Timber has long been a hedge for the wealthy against inflation. In addition to providing good risk-adjusted returns, timber has also been a non-correlated asset.
Rain and sunlight affect how trees will grow over time, rather than market fluctuations. Typically as trees grow, they will increase in both volume and potential value. Trees are a renewable and sustainable natural resource behind thousands of everyday products from paper to building materials.
Institutional investors, including many university endowments, have long recognized the significance of owning a real asset that grows naturally over time.
Timber shares many characteristics with real estate and oil and natural gas: sensitivity to inflation, high and visible current cash flow, and opportunity to exploit inefficiencies.
According to the American Forest and Paper Association, Each year the average citizen uses wood and paper products equivalent to one tree that is 100 feet tall and 18 inches in diameter. At the same time, more than five new trees are planted each year for every American. Over 5,000 products are made from the various types and parts of trees. These may include products made from:
- Lumber, such as home-building materials and telephone poles.
- Pulpwood for the paper and paperboard used to make cardboard boxes, magazines, copy paper, etc.
- Wood fiber and by-products — such as crayons, deodorant, and even ice cream
The United Nations forecasts that by 2050, world demand for timber products will nearly double that of today. The potential benefits from timber have already attracted $50 billion from institutional investors, pension funds, and endowments, and make an attractive asset class for the individual investor.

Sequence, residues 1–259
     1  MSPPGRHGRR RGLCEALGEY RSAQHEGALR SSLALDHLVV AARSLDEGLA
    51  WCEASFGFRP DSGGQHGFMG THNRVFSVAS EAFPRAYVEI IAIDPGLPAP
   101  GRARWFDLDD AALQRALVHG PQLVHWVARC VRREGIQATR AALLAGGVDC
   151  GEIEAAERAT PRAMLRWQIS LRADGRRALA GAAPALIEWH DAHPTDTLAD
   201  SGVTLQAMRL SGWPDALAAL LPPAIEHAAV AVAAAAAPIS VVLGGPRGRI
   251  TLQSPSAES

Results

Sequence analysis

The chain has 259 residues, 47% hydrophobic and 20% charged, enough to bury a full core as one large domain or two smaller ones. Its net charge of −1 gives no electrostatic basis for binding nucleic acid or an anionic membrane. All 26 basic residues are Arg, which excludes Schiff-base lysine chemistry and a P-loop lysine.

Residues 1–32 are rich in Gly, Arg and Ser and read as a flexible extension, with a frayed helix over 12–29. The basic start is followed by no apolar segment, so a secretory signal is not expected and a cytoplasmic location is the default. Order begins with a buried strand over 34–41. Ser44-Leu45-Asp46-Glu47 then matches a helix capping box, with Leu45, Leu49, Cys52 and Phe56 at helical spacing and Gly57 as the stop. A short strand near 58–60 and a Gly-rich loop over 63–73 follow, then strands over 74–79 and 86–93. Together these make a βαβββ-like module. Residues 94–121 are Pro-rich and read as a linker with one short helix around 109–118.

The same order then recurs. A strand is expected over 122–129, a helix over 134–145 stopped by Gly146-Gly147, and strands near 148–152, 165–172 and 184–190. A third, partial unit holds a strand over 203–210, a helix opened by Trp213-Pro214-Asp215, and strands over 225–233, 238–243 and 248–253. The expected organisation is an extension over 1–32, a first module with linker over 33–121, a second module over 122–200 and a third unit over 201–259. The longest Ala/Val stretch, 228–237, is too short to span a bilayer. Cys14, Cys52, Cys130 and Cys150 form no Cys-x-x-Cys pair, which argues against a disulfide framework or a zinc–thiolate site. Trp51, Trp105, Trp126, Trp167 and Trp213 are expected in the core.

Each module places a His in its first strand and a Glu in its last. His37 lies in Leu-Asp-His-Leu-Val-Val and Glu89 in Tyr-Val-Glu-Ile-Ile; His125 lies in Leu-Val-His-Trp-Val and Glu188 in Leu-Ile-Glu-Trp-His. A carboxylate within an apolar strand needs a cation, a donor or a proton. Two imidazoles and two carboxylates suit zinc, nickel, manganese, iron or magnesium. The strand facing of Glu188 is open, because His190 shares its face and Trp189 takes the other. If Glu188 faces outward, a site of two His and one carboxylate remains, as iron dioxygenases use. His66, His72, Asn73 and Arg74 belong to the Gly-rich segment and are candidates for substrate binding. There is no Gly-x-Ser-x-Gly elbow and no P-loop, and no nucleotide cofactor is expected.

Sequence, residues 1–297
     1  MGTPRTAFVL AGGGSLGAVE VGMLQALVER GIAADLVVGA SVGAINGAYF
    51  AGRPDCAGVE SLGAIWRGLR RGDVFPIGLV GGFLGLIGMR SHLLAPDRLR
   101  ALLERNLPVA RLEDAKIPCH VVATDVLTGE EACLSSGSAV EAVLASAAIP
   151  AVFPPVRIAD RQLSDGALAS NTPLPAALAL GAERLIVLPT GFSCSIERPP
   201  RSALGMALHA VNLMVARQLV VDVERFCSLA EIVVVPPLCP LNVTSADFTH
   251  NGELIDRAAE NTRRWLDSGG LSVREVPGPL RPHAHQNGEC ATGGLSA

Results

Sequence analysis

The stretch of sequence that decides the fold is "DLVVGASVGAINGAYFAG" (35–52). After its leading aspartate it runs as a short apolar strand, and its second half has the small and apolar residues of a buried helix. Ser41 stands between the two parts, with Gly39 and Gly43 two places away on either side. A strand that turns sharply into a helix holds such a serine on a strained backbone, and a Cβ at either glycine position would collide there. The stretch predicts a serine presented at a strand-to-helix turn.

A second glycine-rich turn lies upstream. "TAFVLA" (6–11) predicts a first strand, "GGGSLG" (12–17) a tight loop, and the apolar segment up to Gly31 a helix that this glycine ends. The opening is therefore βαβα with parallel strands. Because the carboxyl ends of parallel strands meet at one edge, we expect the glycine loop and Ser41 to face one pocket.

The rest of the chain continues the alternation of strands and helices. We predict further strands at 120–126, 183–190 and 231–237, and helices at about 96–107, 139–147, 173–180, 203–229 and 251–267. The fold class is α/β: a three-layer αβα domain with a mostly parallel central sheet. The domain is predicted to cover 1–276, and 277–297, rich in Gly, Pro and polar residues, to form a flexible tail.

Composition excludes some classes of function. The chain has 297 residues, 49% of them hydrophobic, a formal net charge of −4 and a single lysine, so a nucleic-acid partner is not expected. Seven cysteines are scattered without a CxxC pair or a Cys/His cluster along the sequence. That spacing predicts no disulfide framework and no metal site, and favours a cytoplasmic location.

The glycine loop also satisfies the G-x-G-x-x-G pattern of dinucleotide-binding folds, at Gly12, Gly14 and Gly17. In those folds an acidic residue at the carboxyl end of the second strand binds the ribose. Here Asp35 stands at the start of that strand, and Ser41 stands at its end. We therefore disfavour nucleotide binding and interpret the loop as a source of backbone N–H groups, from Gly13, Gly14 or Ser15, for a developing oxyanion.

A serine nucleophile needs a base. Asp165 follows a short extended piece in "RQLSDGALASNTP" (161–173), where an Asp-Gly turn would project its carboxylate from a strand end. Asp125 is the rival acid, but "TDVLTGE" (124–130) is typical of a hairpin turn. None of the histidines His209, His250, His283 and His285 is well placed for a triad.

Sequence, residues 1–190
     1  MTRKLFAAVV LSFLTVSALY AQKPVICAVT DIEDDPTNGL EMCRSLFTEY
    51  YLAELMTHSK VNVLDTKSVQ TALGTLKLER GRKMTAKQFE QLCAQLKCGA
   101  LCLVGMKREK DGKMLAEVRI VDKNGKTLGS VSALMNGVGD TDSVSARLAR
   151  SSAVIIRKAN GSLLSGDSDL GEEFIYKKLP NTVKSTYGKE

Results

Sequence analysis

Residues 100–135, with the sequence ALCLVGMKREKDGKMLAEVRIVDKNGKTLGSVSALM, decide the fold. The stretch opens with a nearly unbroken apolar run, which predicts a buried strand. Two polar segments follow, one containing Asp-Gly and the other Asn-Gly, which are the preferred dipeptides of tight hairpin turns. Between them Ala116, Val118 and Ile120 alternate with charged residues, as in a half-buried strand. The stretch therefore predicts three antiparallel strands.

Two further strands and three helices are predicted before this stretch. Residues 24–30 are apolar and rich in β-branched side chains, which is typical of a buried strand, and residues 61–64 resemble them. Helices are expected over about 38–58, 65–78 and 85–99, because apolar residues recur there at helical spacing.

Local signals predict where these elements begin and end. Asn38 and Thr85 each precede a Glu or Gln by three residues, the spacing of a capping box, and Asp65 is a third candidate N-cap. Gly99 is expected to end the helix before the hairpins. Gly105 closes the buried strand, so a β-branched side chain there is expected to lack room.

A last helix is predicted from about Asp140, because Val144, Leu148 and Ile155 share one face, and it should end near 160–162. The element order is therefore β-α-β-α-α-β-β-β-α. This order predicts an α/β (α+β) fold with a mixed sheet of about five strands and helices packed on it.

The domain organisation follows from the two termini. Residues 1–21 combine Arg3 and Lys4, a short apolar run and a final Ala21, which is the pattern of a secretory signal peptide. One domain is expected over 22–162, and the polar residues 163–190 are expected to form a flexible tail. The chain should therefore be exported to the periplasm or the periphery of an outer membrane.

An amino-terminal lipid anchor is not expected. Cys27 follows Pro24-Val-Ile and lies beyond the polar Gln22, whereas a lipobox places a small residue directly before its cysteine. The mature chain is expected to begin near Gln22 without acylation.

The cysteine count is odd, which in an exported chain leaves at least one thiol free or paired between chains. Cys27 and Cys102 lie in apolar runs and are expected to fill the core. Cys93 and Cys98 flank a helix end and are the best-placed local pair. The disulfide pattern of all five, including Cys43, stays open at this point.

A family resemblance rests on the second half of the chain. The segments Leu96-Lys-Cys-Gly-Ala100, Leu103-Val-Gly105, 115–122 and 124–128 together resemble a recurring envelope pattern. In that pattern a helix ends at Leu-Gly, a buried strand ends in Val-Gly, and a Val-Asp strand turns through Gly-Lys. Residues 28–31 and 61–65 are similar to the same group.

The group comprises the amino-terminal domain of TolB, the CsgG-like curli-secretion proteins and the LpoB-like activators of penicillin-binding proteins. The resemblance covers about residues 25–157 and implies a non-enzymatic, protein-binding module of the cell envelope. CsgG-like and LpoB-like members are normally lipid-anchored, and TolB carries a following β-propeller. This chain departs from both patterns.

The timberland asset class offers two avenues of potential returns to investors- income and growth, both of which are driven primarily by the growth of trees.
Trees grow in two ways: volume and potential value. As trees become large enough to produce more valuable end products, they typically may be sold for higher prices. The longer a tree grows, the more wood there may be available for harvest. Changes in timber prices due to market demand and increases in land value are also possibilities to generate returns.
This has helped historical returns for the timberland asset class to stack up well against those of other asset classes. Historical asset class returns from 1990-2010 have US Timberland in the lead with a 20 year annualized return of 11.6% compared to Large-Cap Stocks at 8.7% or even real estate at 6.5% (Please note that historical index performance does not guarantee similar investment results in the future).
The timber asset class, as measured by the Dow Jones World Forestry & Paper Index, has a historically low correlation with other asset classes. As lower correlation generally means greater diversification between asset classes, timber can provide investors with a unique investment option that may help reduce a portfolio’s overall volatility.
There are four main themes that make owning timber an attractive proposition: its strong historical risk adjusted rates of return; its limited volatility; its negative or limited correlation with other asset classes such as stocks and bonds and even commercial real estate; and its apparent positive correlation with inflation, which makes it an inflation hedge. The correlation between Timberland and the CPI is -0.07 over the last 20 years, making timberland a partial hedge against inflation.
There are several ways to invest in timber inside of a portfolio including traded and non-traded REITs. Timber makes the most sense for an investor looking for growth, primarily from capital appreciation. Timber should be considered illiquid, long-term, “buy and hold” investment with an intended 10-year time horizon. All investments carry risk and investment time horizons can vary significantly with investment type.
Posted by Chris
Disclosures: All investments and tax strategies have risks–see risk factors in PPM. Past performance and/or forward looking statements are never an assurance of future results. This is neither an offer to sell nor a solicitation of an offer to buy any security. Such an offer may only be made by means of a private placement memorandum that must accompany or precede this information. Offering facts and terms are controlled by final PPM only.